One of my favorite TV shows right now is The Last Man on Earth. The show’s premise is that a viral outbreak has killed nearly all people and animals, save a few who were immune or unexposed. At the beginning of the show, we meet Phil Miller, who’s been traveling the country trying to find other survivors after losing everyone he knew. He’s miserable and lonely, and just when he’s about to give up on life, he meets another survivor, Carol. As the series progresses, a few others join them. Phil struggles to adjust to living with people again. The circumstances bring together dissimilar people who likely would not have crossed paths before the virus, and we watch them try to figure out how to live in this new world. The show is quirky, funny, creative, and at times poignant, though it’s not as depressing as you might guess.
At the suggestion of a friend, I recently tried acupuncture for the first time. My friend is a long-time acupuncture patient and enthusiast. She’s used acupuncture to treat various injuries and ailments and has seen results from it. I’m undergoing treatment for a medical condition, and she suggested that acupuncture could help. After doing a little research, I decided it was worth a try.
I tend to be skeptical of alternative medicine. The world is full of snake-oil salesmen who want to sell us pseudoscientific treatments that seem too good to be true. Though Western medicine has its flaws, I generally trust doctors and research scientists. When someone starts talking about things like adjusting the energy flowing through the body, I raise an eyebrow.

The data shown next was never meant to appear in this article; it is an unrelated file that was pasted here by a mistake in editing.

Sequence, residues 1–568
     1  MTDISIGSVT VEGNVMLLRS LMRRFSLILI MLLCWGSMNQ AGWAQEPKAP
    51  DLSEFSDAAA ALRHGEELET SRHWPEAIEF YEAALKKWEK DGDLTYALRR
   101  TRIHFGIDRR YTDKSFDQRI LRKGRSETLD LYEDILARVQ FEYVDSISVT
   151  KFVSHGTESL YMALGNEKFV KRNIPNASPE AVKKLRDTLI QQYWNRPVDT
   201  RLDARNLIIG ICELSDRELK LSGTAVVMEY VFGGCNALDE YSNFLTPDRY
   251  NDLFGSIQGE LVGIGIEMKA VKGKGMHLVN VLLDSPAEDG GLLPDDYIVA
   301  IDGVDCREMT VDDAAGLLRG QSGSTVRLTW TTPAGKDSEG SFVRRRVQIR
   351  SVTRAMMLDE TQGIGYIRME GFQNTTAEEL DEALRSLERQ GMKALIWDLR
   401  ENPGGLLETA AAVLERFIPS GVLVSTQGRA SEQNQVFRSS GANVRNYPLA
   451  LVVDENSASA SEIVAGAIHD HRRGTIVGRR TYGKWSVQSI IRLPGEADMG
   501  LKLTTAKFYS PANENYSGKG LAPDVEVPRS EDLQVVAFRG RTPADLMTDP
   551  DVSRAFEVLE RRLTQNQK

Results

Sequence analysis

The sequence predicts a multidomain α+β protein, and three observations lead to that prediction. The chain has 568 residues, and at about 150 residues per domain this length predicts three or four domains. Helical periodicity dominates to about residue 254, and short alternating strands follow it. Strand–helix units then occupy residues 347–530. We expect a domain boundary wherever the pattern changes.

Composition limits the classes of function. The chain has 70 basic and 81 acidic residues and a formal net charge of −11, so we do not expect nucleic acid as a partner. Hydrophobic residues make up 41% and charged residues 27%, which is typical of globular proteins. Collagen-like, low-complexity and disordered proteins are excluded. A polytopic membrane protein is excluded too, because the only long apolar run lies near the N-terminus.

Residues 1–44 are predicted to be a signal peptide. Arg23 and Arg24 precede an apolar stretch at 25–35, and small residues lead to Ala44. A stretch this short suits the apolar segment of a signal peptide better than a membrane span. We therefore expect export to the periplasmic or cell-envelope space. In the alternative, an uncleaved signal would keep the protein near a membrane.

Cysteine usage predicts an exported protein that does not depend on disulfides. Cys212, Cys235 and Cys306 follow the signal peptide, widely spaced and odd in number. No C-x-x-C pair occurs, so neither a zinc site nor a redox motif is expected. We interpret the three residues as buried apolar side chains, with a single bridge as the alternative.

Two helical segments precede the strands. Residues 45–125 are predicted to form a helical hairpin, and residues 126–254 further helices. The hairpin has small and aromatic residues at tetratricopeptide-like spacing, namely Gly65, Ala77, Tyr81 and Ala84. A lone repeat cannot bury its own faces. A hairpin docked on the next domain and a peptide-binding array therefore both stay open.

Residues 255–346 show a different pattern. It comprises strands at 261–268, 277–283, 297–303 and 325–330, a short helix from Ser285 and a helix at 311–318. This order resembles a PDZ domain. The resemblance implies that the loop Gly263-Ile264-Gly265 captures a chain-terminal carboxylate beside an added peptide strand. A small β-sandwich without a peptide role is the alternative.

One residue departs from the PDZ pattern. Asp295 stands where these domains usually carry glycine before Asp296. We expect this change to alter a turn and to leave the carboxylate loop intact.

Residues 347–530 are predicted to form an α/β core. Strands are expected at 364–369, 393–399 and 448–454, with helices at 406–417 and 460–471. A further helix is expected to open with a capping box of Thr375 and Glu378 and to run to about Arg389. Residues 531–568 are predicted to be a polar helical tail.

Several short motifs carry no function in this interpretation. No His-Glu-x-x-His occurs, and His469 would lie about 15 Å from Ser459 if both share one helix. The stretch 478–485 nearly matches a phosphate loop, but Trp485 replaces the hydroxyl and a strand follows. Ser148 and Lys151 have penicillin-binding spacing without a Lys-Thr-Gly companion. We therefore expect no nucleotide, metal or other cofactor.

I’m lucky to live in a beautiful place that offers many opportunities for outdoor recreation. This year, my husband and I made a New Year’s resolution to go hiking at least once a month. We felt like we hadn’t been taking full advantage of the landscape around us, and we thought the resolution would be a good incentive to spend more time together and work our way through our guidebooks to local trails and waterfalls. We’ve really enjoyed our hikes so far and are looking forward to exploring a new spot this weekend. If you need some inspiration to hit the trails, here are eight good reasons to get outside.
I’m on year two of my One Line a Day journal, so for the past two and a half months, I’ve received a daily reminder of what I was doing and thinking on that day a year ago. My March 21, 2016 entry mentioned exchanging favorite Dolly Parton songs with a couple of friends (we were planning a trip to Dollywood) and closed with this line:
“I think listening to music makes me more thoughtful – I should do it more often.”